Those answers tell me a lot about the people I’m dealing with. As a writer, my imagination plays out the scenarios in my head with the answers they given. Again…people who know me, understand that I can’t control that aspect about myself. My imagination truly is a gift and a curse. The only way I can turn it off is with the help of sleeping pills.
In a scene where the son comes in crying, confessing his murder to the parents with the police on the way, you can bet your ass that with my mother and father, I’d be pulled out in chains, given to the system to do with what they want with me. With my boss. Things would play out a little more interesting. I’d hide in some closet or cellar, and my boss would come up with a convincing story to tell the police that would send them away for the night, giving us more time to come up with a solid alibi for my defense.
Stories play out with each answer, each truth about a person that’s presented. There’s only one flaw with this system of deductive reasoning. It’s a flaw I’ve always noted with any and every detective mystery where the detective goes on circumstantial evidence alone. That flaw is that anything is possible. The use of generalization, stereotypes, groups and categories can make or break you.
If there’s a hole in my shirt, and in the movie, a detective guesses that the hole was caused from the edge of a shaggy car door from whence I exited the vehicle, suggesting that I’m clumsy and hasty at the same time. The answer is that the hole could’ve easily been there because I simply like poking holes in my shirt. Individual mannerisms are often overlooked in movies because dumbass producers and blind-sided writers often think to himself or herself, “This person wouldn’t do this.” Just because one answer is given, doesn’t mean it’s the only way it could’ve happened.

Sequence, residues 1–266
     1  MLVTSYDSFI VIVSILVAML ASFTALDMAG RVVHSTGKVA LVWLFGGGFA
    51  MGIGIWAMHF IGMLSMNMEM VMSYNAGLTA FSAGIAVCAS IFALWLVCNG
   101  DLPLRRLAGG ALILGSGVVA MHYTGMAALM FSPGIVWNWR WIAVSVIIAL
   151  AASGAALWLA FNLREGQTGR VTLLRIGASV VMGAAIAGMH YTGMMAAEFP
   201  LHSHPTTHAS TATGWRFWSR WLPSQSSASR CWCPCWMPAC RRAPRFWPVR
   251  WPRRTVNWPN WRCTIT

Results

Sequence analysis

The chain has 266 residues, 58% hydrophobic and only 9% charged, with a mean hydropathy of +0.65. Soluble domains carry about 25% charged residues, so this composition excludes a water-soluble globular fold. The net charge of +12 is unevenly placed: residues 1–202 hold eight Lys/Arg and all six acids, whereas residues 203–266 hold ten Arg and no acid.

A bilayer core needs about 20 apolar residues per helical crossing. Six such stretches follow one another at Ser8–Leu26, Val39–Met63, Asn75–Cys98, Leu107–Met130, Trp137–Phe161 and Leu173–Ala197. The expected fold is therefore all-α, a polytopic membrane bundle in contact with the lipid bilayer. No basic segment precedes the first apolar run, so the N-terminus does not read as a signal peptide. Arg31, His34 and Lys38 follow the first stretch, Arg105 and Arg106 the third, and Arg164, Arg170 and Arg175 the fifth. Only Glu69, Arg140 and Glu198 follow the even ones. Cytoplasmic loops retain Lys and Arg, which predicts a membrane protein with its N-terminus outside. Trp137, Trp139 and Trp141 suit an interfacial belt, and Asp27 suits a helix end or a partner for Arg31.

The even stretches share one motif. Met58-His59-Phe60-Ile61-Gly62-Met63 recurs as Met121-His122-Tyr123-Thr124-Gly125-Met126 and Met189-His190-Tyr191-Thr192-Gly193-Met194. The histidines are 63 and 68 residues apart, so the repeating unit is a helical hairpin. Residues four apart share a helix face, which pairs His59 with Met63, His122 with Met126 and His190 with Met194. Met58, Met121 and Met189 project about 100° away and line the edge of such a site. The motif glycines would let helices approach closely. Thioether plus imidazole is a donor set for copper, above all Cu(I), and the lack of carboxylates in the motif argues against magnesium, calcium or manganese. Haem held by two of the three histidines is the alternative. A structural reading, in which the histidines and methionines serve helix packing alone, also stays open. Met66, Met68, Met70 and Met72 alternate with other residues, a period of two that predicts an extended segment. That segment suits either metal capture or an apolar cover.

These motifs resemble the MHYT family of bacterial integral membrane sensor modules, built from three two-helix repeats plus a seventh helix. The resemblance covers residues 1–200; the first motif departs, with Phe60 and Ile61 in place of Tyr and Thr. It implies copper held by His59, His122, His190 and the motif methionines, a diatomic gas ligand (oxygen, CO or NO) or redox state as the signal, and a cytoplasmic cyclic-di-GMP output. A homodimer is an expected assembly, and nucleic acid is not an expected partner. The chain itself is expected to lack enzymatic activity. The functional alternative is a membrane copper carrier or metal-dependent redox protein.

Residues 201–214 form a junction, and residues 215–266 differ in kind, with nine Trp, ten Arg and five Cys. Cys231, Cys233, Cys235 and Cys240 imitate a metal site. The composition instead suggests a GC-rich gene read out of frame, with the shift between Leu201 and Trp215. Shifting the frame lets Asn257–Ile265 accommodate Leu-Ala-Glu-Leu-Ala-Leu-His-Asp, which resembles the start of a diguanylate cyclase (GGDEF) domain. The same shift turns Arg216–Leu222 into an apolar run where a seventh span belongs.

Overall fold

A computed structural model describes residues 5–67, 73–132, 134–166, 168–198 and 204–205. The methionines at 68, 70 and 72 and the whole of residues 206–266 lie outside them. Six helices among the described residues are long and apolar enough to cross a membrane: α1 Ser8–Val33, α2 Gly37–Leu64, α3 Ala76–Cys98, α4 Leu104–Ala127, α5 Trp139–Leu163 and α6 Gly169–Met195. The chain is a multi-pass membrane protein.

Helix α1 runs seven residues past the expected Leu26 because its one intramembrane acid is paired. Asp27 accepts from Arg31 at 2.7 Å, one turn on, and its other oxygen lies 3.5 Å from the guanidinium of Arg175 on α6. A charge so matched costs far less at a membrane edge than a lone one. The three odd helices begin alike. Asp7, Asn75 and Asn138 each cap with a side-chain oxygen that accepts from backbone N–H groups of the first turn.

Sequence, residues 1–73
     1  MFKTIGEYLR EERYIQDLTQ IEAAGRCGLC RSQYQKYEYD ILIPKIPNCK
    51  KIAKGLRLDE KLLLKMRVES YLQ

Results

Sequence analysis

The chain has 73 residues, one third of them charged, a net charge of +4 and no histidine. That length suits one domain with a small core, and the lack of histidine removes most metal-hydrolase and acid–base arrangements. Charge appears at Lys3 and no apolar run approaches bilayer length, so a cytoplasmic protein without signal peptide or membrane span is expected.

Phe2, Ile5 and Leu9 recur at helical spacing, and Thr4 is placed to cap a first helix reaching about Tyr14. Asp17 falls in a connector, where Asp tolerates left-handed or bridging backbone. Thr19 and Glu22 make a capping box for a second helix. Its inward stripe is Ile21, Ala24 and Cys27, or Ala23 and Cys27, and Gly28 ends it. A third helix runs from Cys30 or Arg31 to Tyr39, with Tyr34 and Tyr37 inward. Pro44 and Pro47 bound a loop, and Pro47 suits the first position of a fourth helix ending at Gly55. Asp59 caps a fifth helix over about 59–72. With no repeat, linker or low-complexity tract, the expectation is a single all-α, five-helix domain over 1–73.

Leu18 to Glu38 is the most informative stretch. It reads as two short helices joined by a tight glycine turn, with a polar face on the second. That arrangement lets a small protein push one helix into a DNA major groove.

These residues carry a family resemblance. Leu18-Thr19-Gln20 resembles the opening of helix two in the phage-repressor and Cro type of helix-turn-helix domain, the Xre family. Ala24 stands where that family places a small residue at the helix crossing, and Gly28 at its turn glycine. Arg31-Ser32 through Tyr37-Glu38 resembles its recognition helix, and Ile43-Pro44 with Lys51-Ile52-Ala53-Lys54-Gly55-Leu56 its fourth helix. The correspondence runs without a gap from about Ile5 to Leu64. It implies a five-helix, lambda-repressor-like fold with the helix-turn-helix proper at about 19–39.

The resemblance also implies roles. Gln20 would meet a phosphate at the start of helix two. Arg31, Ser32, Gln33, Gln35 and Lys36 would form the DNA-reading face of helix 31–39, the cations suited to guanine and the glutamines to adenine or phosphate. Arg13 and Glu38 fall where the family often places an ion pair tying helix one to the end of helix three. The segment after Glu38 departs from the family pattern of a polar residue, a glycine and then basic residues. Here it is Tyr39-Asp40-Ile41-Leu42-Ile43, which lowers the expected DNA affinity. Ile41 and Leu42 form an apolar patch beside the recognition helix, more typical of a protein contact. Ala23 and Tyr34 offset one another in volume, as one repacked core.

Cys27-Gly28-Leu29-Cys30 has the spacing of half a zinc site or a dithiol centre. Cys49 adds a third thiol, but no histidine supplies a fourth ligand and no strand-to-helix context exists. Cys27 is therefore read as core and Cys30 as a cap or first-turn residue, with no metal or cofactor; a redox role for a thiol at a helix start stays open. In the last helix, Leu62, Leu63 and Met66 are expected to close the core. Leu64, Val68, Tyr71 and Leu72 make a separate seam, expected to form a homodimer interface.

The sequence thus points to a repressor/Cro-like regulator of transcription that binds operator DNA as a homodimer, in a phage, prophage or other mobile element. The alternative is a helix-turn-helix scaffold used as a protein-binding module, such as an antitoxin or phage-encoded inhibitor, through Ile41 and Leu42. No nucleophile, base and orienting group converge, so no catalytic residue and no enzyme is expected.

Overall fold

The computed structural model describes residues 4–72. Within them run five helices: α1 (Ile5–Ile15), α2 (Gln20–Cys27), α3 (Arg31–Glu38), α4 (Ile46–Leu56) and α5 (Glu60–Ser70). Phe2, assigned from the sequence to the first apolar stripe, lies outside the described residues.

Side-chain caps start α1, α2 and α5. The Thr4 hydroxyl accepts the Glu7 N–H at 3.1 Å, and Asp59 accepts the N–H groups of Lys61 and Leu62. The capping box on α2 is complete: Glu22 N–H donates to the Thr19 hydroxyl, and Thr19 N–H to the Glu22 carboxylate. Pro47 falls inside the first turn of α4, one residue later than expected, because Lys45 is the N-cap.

Then there’s that lovely thing called, “confessions”. In the movies and in TV shows, at the end of the mystery drama, the culprit almost always comes clean about what they did. But in real life…We all know this isn’t the case. We’ve all witnessed it. We’ve all done it. You know what you did. You’re afraid of the consequences. Someone could be drilling you for the truth, telling you to swear on the life of your children that you’re innocent….And you’d do it. You’d swear on the life of your children that you’re not lying, when you know damn well what you did. If normal fully functional human beings are capable of doing this, what makes you think the criminally accused aren’t?
Well. There’s my thought anyway.
And if you’re wondering what I would do if my son grew up and killed someone. It doesn’t matter what he did. There’s no way in hell I’d turn him in. If he goes to jail. I go to jail. It’s as simple as that.